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Cars flying off cliffs. Panicked drivers unable to stop their vehicles while going through red lights. It’s the stuff of movie fantasies, a Hollywood idea of hacking the software of modern cars.
But while cars spiraling out of control make a good box office, the reality of hackers breaking into cars and automaker networks is much more mundane and more of a real threat than anything Hollywood has portrayed.
Hacked cars IRL
Earlier this year, a security researcher in Germany managed to gain full remote access to: over 25 Tesla electric vehicles around the world. A vulnerability in the EVs’ web dashboard left them wide open to attacks. (The researcher warned Tesla, and the software has since been patched.)
Worse, in 2020, a ransomware attack on Honda forced the automaker to temporarily halt production at some plants in Europe and Japan. It’s more likely that this attack came through Honda’s IT infrastructure rather than its connected vehicles, but Honda has never disclosed which path it has taken. Ultimately, it doesn’t matter, because both are now inextricably linked.
In both cases, the danger was not turning off the headlights or turning off the brakes. The real goal was to access all the data that cars and car manufacturers now collect.
Car manufacturers place a high value on safety and have spent decades trying to reduce the number of accidents. They have also gotten better at physically separating a vehicle’s internet connection from driving a car. But the likelihood of Hollywood scenarios where consumer vehicles are converted into remote-controlled cars is slim and distracts from the security risks that nearly all consumers with connected cars face: harvesting their data.
Hackers want your data, not your life
From location information to credit card details in connected apps to bank account balances, cars are now a rolling repository of critical digital information. With Amazon’s Alexa, Google’s Assistant and Apple’s Siri ready to shop online, make calls and disable home security systems from the driver’s seat, the possibilities are almost endless. That’s where the money is and that’s where the vulnerabilities are.
And it’s not just high-tech electric cars connected to the Internet. According to an Otonomo questionnaire, about 41% of all cars sold in 2020 were connected cars. Coincidentally, one of the first published car hacking attacks by researchers was on a Jeep way back in 2015; tens of thousands of vehicles had to be patched and updated.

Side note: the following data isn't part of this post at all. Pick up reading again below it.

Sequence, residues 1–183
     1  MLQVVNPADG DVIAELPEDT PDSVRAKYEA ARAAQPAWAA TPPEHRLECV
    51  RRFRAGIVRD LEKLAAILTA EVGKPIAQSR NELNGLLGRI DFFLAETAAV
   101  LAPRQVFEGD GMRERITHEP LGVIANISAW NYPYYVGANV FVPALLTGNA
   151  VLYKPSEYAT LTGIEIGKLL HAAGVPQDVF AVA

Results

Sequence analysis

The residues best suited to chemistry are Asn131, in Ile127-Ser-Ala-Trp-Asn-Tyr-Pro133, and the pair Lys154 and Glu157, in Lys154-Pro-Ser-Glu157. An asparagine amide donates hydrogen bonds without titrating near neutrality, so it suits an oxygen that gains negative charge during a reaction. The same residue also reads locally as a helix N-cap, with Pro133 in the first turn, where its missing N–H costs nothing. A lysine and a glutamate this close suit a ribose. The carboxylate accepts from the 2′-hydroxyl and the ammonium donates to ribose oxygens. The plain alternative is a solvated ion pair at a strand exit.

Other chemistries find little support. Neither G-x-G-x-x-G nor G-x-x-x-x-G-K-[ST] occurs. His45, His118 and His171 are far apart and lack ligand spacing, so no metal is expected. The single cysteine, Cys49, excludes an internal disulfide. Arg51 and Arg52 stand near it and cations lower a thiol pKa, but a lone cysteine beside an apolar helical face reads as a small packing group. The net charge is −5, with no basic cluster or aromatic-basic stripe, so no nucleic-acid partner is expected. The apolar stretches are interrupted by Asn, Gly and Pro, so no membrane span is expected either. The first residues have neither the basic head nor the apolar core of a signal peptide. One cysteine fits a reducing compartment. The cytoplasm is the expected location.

While hackers steal credit card information every day, connected cars represent a mishmash of attack vectors. An automaker can keep its own systems locked down and its security protocols up to date, but that usually can’t be said of the 200 or more suppliers that may be involved in providing parts and materials for a single car.
Third Party Vulnerability
Each of these suppliers and partners represents a potential attack point that can gain access to a car manufacturer’s systems. Add to that all the software connections, such as the third-party app that enabled the Tesla hacker, and the potential vulnerabilities multiply exponentially. Controlling your supply chain is difficult, and it becomes even more difficult when your suppliers provide software.
Ransomware attacks are currently the main hacking threat facing businesses. According to a Sophos questionnaireLast year, 37% of companies surveyed said they had been hit by a ransomware attack. Indeed, last year, the Toll Group, a global logistics and transportation company responsible for delivering parts around the world, including auto parts, was hit by ransomware. not once, but twiceforcing them to shut down IT systems affecting some 40,000 employees and customers in 50 countries.
That reinforces the true goal of the vast majority of hackers: not to push cars off cliffs, but to access the data in cars and networks, which are now rolling computers. Hackers can track anyone’s location – essentially using cars as a new form of espionage or ransomware fodder.
A back-to-the-basics solution
Protection against such hacks means going back to basics. Automakers must require and verify that every company in the supply chain has regular and complete security backups. Likewise, businesses large and small must constantly update and install all software patches, from server software to web apps. Two-factor authentication, password managers, and training to identify phishing scams are also essential tools for protecting automakers from breaches.
These security measures have been common sense for online businesses for years. Now it should also be common sense when it comes to cars.
Rick Van Galen is a security engineer at 1Password and a former ethical hacker.
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